CoinDesk's Zack Voell reported on Thursday that bitcoin is increasingly being used in "tokenized" form when transacting on decentralized-finance networks on the Ethereum blockchain. A fast-growing use case, as it were.
CryptoCompare, a London-based data aggregator, said Thursday in a report that cryptocurrency derivatives volumes surged to a record $602 billion in May.
And CoinDesk's Wolfie Zhao reported Thursday the Bitcoin blockchain underwent an automatic adjustment that will make it easier to mine new units of the cryptocurrency, theoretically luring more operators back to the network to keep its distributed ledger secure.
Mati Greenspan, of the foreign-exchange and cryptocurrency-analysis firm Quantum Economics, says the milestone could catapult bitcoin into the "next wave" of its price cycle. The adjustment comes roughly a month after bitcoin's once-every-four-years halving, which cut bitcoin rewards for miners in half.
"Though we only have two examples of previous halving events, the price began to rise approximately one month after the event, begging a brand new massive bull run each time," Greenspan wrote in an e-mail to clients.
Bitcoin may not go to $300,000. It may not even go to $20,000.
But the base case for now is that the price is likely to go up. First, it needs to get past $10,000.
Tweet of the day
Trend: A key bitcoin price indicator continues to call a bullish move despite the cryptocurrency's recent failure to keep gains above the $10,000 mark.
The weekly chart's moving average convergence divergence (MACD) histogram is producing higher bars above the zero line, indicating a strengthening of upward momentum. It's now reporting a value of 282 – the highest since mid-July 2019. Put simply, the indicator is currently suggesting the strongest bullish bias in 11 months.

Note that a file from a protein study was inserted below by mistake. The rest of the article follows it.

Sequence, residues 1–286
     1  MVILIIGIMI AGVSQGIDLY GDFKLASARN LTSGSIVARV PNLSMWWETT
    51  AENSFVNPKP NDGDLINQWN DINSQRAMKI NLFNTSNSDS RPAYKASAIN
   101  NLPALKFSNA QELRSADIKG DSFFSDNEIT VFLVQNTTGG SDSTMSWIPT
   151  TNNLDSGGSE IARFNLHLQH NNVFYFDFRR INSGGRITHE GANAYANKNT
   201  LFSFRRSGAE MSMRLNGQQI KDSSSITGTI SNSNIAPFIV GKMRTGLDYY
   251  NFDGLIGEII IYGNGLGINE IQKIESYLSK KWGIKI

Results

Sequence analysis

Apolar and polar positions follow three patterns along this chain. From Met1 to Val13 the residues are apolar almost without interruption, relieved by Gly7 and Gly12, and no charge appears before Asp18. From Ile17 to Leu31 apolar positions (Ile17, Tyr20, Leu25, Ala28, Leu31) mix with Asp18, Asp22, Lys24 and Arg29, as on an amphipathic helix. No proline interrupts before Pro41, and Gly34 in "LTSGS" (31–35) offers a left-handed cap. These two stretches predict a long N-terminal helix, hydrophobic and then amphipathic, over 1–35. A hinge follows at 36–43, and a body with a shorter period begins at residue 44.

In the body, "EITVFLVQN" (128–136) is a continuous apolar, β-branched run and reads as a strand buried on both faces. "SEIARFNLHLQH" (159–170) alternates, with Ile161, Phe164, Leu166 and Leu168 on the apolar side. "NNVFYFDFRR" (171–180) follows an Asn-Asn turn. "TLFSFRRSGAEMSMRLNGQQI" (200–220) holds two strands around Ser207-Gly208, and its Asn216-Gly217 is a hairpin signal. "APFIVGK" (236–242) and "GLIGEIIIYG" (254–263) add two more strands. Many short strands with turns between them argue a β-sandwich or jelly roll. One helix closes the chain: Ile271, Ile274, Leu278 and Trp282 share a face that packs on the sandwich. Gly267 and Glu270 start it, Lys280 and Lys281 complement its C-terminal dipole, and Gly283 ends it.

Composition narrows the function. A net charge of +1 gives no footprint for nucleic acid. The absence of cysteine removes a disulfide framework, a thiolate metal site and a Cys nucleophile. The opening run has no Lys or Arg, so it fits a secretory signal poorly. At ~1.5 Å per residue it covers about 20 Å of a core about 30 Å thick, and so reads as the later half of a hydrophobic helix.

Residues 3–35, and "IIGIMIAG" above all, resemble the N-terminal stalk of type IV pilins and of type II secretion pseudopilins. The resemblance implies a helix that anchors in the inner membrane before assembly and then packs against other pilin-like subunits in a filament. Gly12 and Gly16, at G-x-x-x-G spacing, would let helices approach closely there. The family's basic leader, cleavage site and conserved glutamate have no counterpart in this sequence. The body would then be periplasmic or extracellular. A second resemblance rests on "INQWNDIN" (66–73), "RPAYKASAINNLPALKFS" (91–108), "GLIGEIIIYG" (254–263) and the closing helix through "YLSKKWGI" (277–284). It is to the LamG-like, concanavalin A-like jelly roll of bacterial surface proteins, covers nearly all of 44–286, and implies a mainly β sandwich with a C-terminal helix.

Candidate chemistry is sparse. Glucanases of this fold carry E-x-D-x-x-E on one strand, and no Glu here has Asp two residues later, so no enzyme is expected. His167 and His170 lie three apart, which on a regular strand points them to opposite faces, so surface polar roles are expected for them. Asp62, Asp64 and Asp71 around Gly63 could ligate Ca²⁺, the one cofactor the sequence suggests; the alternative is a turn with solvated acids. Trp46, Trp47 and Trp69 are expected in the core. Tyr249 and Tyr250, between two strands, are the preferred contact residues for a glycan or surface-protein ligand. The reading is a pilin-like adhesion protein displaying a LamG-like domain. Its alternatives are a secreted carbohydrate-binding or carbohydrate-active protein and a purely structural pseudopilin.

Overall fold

While the MACD is based on backward-looking moving average studies, it has proven its fortitude in the past by marking the beginning of bullish trends with a cross above zero. For instance, the MACD crossed above zero in mid-February 2019 and began climbing above zero well before the cryptocurrency broke into a bull market with a 26% rise in the first week of April 2019. Similarly, the bearish trend seen in the second half of last year began after the MACD moved back below zero.
The weekly chart's relative strength index is also signaling bullish bias with an above-50 reading, while the daily chart is flashing a golden crossover, a long-term bull market indicator.
Multiple long-tailed candles seen on the hourly chart show persistent dip demand near the 200 hour average, currently at $9,581. The immediate bias will remain bullish as long as prices are holding above that level.
All in all, the charts seem to have aligned in favor of a re-test of $10,000. The cryptocurrency was rejected above that hurdle on Tuesday, falling sharply by $800 in just five minutes. As a result, some analysts say a sustained move above $10,000 is required to restore the rally from the March low of $3,867.